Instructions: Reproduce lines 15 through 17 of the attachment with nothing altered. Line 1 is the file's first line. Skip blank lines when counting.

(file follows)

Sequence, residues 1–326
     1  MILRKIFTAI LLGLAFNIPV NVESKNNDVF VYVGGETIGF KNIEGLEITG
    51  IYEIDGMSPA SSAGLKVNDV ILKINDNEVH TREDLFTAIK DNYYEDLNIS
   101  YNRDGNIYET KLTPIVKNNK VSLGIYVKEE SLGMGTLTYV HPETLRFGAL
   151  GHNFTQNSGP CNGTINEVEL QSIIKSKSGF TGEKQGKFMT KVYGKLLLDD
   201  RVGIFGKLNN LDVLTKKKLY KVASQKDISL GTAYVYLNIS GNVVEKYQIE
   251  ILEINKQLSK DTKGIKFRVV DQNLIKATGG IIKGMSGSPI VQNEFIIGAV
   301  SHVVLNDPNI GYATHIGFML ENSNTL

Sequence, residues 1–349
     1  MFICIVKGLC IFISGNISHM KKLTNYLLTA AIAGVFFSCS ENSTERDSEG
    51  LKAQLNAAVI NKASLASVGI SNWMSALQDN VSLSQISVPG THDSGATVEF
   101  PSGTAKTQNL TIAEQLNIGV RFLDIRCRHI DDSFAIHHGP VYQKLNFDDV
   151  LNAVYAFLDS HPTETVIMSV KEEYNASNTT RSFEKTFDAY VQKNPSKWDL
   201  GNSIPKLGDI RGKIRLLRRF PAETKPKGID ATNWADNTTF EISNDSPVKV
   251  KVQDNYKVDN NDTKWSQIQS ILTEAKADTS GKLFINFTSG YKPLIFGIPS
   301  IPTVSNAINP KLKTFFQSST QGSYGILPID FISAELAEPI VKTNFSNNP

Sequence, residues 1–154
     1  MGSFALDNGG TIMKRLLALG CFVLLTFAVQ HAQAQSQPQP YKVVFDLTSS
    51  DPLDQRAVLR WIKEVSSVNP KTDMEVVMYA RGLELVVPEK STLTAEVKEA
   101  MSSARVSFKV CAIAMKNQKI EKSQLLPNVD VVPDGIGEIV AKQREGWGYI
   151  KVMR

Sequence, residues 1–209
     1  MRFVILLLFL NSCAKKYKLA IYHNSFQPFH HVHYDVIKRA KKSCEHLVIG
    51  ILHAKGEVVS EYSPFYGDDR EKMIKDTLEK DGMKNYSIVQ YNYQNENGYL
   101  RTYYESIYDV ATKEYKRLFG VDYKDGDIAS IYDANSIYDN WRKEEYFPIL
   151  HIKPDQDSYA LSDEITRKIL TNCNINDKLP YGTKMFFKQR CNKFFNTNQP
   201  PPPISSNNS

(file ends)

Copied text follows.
   251  KVQDNYKVDN NDTKWSQIQS ILTEAKADTS GKLFINFTSG YKPLIFGIPS
   301  IPTVSNAINP KLKTFFQSST QGSYGILPID FISAELAEPI VKTNFSNNP

Sequence, residues 1–154